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This summer, the NHS plans to open more gambling clinics across the United Kingdom


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    • Figures published today show 1,400 patients were referred for help last year
    • The NHS plans to treat up to 3,000 patients a year across total of 15 clinics

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    Gambling addiction centres will open across the country this summer as demand hits a record high.

    The NHS is rapidly expanding its support services for thousands seriously addicted to gambling.

    Figures published today show 1,400 patients were referred for help last year. This is up by more than a third on the previous 12 months and a rise of nearly 80 per cent compared to two years ago.

    The seven new clinics will be in Milton Keynes, Thurrock in Essex, Bristol, Derby, Liverpool, Blackpool and Sheffield. 

    They will join centres in London, Leeds, Newcastle, Manchester, Southampton, Stoke-on-Trent and Telford, Shropshire. Another London clinic treats gambling and gaming addiction in children and young people.

    Gambling addiction centres will open across the country this summer as demand hits a record high. (file image)

    Gambling Commission figures show about 138,000 people could be problem gamblers, with 1.3 million more classed as moderate or low-risk punters. The NHS plans to treat up to 3,000 patients a year across the 15 clinics.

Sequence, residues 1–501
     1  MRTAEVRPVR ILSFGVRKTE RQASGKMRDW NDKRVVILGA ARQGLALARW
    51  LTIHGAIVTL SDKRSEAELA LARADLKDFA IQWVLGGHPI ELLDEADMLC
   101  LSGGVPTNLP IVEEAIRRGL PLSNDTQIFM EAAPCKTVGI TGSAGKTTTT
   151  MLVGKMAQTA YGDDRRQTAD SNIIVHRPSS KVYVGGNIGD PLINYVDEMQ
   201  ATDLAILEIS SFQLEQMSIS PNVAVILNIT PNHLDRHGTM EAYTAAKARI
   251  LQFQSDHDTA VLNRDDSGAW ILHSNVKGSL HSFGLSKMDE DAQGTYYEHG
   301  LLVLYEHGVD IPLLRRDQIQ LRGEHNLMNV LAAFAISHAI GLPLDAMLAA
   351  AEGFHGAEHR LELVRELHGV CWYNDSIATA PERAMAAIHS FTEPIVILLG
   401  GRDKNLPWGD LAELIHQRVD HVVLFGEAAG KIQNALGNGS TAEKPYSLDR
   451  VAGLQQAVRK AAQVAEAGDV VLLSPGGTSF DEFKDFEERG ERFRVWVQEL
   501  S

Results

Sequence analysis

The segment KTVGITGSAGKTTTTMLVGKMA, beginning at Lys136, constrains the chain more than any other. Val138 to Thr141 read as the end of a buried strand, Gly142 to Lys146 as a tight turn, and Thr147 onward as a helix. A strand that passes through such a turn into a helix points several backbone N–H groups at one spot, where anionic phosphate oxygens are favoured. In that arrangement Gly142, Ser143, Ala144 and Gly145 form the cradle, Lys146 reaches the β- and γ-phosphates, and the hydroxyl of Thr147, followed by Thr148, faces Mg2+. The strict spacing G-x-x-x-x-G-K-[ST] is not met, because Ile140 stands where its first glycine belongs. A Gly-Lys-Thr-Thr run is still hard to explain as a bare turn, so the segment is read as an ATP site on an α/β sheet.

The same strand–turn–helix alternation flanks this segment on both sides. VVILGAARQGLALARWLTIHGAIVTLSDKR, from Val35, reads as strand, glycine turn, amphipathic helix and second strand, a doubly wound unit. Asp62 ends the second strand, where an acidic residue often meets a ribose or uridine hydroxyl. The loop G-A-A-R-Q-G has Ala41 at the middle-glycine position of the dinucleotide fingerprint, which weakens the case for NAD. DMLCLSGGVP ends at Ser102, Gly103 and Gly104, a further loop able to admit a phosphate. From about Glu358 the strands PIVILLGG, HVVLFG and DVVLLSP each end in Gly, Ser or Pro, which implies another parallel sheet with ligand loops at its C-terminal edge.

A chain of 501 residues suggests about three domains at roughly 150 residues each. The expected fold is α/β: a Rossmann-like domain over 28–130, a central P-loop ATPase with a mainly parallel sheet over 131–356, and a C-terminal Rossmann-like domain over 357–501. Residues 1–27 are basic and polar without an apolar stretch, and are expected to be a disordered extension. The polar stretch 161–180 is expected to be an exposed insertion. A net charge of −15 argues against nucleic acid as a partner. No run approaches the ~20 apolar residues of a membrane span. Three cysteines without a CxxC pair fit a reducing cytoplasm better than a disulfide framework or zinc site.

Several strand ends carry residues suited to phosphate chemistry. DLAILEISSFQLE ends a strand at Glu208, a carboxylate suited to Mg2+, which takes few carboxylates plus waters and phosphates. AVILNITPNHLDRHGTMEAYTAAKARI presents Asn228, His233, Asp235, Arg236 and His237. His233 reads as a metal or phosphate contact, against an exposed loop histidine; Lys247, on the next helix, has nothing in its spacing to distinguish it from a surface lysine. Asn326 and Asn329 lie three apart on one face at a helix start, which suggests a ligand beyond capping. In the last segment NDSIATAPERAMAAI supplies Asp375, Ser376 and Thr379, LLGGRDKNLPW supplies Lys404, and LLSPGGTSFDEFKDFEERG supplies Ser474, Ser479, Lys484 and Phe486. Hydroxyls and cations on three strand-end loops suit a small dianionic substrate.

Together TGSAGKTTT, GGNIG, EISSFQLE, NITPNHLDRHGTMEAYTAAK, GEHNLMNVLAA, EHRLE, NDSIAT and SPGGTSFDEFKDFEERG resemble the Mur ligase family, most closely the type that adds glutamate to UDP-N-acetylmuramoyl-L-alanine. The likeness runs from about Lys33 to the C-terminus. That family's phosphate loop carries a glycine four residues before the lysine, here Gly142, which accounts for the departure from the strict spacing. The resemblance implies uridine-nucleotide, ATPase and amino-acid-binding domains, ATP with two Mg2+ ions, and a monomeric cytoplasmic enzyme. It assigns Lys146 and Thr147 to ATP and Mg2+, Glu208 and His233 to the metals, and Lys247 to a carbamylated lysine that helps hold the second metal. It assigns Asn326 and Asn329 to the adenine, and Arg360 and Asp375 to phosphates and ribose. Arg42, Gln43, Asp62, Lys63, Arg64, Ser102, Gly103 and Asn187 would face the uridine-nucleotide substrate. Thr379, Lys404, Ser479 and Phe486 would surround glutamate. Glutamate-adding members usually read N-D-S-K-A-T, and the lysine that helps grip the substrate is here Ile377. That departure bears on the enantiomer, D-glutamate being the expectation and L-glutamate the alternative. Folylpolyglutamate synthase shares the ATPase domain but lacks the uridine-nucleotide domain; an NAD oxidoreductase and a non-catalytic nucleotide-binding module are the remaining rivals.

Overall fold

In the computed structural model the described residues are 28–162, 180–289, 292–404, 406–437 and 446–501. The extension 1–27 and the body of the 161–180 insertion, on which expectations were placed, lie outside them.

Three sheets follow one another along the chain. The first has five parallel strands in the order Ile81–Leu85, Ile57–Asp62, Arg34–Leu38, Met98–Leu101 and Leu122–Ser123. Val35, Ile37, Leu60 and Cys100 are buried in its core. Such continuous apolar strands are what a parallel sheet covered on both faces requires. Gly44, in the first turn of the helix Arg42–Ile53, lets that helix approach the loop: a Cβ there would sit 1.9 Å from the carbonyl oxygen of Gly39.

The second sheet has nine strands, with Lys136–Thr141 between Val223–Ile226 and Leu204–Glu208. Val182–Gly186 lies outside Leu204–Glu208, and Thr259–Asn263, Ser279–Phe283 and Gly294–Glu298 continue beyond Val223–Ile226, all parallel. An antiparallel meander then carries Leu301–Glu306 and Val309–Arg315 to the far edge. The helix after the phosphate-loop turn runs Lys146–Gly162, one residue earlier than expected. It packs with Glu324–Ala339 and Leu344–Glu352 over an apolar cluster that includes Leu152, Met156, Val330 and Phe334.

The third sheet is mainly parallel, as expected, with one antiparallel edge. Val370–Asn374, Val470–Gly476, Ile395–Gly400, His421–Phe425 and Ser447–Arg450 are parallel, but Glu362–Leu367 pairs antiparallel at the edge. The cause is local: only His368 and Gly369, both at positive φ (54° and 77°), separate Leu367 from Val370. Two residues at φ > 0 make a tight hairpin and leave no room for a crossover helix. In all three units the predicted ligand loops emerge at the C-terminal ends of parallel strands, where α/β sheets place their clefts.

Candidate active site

Its chief executive, Amanda Pritchard, said: 'This expansion shows the NHS is again adapting to new healthcare needs.

    'In 1948, when the NHS was founded, you had to go to a bookies to place a bet. Now people can gamble on their phone at the touch of a button and everyone, young and old, is bombarded with adverts encouraging them to take part.'

    The latest clinics will treat people with serious addiction issues through cognitive behavioural therapy, family therapy, support groups and aftercare. NHS teams including psychologists, therapists, psychiatrists, mental health nurses and peer support workers also offer support to family members.

    NHS mental health director Claire Murdoch added: 'I hope further action is taken to protect the young from being bombarded by gambling ads while watching sport.'

    NHS chief executive Amanda Pritchard (pictured) said the 'expansion shows the NHS is again adapting to new healthcare needs'

    Last week, Leicester coroner Ivan Cartwright criticised bookie Betfair for failing to intervene before problem-gambler Luke Ashton, 40, killed himself after betting more than 100 times a day.

    His widow, Annie, said Mr Cartwright's criticism vindicated her belief that 'gambling destroys families and causes suicides'.

    Ian Brown, chief executive of Flutter, Betfair's parent company, said: 'We wish to reiterate our sincere condolences to Ms Ashton and her family. We are truly sorry for their loss.'

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